David May: Pioneer Jewish Merchant, Founder of May Company & His Family

David May

David May in the late 1920's

David May in the late 1920’s

Value Codes  I – H – E – L -P


Most people believe that the May Co. Department Stores began in St. Louis, since that city was its base for years.  Few are aware that it started 10,000 feet in the air in a mining town in the Rocky Mountains west of Denver during a silver strike.


David May was born in Kaiserlautern, Bavaria (Germany) in 1848.


Along the way . . .

David May journeyed to the United States in 1864, at the age of 16.

His family arrived in New York and settled soon after in Cincinnati, Ohio, where David May stayed until graduating from business school.


In 1875, due to health issues, May moved to Leadville, Colorado, a silver mining boom city, with very “clean air.”

Two years later, in 1877, May opened a dry goods store with his business partner, Moses Shoenberg.

In 1887, David May bought a store in Denver, Colorado, entering into a partnership with Joseph and Louis Shoenberg, his brothers-in-law.


In 1888, May sold the Leadville, Colorado store to Meyers Harris.


The May Company

In 1892, May bought The Famous Clothing Store in St. Louis, Missouri.

In 1898, May purchased another store in Cleveland, Ohio.

He and his partners now called this business The May Company.

In 1905, May’s business headquarters moved to St. Louis,.

May Co. Headquarters in St. Louis

May Co. Headquarters in St. Louis

David May and his partners incorporated their growing number of stores as The May Department Stores Company in 1910.

In 1911, the incorporated company became publicly traded on the New York Stock Exchange.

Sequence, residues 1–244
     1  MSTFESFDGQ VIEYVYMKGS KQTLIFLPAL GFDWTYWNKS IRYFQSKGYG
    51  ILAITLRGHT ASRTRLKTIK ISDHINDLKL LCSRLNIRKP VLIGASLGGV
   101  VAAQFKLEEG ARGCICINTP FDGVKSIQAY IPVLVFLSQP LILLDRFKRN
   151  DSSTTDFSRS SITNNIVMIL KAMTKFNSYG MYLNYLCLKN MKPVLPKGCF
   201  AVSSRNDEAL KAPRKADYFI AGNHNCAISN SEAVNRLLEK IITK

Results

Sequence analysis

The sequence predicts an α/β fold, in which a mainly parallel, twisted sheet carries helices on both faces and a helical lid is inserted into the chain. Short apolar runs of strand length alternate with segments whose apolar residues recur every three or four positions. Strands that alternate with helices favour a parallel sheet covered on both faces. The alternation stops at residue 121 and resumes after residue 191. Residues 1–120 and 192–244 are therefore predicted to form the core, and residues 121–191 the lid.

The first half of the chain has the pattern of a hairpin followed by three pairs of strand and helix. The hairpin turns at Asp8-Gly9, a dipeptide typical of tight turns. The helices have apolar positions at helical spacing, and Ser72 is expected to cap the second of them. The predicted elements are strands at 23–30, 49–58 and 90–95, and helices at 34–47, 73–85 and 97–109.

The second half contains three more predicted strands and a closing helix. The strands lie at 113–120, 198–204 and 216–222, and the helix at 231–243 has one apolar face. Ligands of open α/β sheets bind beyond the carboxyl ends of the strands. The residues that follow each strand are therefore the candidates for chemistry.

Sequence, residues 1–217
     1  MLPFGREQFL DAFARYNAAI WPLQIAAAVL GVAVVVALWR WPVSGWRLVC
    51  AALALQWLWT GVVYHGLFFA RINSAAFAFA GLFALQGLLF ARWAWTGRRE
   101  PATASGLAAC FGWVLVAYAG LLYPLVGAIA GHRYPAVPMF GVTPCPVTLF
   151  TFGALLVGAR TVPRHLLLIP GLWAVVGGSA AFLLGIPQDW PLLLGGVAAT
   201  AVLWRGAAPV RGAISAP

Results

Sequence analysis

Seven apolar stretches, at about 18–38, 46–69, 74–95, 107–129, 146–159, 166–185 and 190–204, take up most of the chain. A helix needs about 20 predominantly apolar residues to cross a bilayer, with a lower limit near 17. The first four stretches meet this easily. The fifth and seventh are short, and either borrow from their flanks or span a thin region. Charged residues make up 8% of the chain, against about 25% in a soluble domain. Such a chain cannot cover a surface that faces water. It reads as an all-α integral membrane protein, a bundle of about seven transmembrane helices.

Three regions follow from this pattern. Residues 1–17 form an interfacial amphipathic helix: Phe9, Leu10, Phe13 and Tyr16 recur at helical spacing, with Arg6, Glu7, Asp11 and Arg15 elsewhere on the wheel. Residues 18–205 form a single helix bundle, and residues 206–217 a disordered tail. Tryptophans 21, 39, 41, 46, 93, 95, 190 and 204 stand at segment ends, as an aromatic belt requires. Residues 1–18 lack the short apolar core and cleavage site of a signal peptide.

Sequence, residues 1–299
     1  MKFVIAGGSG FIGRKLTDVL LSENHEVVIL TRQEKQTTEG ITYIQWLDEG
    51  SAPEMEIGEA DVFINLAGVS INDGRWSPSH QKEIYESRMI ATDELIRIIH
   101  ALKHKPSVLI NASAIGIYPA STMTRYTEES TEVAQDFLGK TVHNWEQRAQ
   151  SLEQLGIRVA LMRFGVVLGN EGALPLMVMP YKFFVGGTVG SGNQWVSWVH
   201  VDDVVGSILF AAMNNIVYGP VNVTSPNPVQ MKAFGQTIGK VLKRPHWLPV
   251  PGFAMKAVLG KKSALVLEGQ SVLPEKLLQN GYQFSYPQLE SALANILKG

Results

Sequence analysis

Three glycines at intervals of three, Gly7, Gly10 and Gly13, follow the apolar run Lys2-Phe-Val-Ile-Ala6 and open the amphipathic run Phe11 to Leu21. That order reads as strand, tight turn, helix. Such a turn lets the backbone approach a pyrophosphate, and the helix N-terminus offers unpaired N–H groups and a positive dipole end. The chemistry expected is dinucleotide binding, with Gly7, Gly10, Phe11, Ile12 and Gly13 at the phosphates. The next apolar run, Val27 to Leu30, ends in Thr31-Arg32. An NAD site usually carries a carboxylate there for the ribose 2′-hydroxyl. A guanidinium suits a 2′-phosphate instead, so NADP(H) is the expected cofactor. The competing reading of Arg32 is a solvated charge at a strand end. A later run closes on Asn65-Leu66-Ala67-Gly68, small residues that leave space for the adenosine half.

Now the company could use “other peoples’ money” — stockholders investment money.

In 1911, May bought another St. Louis store, the William Bar Dry Goods Company, which he merged with The Famous Clothing Store.  The new store was called Famous-Barr.

In 1912, May purchased the M. O’Neil Department Store in Akron, Ohio.

In 1923, May purchased Los Angeles department store, A. Hamburger & Sons. [click here]

He changed the name to May Company.

Hamburger's Giant Los Angeles Department Store, sold to the May Co. - today is Macy's

Hamburger’s Giant Los Angeles Department Store, sold to the May Co., today the store is Macy’s


The Hamburgers & Mays on Sale of Hambergers to the May Co.1931

The Hamburgers & Mays, sale of Hamburgers to the May Co., 1931

Between 1927 and 1977, the May Company organization acquired many stores.

Some stores had their names changed to May Company or derivatives of this name; others kept their names, but were run by the May Company under the leadership of the May family members.

David May Bronze Coin, owned by Shawn Larson, 24″ 1030’s. See note below.

Some of these stores include: Bernheim-Leader in Baltimore, Kaufmann’s in Pittsburgh, Pennsylvania, Daniels & Fisher Stores Company in Denver, Colorado, Hecht’s Stores in Baltimore, Maryland and Washington D.C., G. Fox & Co. Department Store in Hartford, Connecticut, and Meier & Frank in Portland, Oregon. [click here]


1939 was a successful year for the May Company, bringing in $100 million in sales, as well as the opening of the iconic May Co. on Wilshire Boulevard in Los Angeles.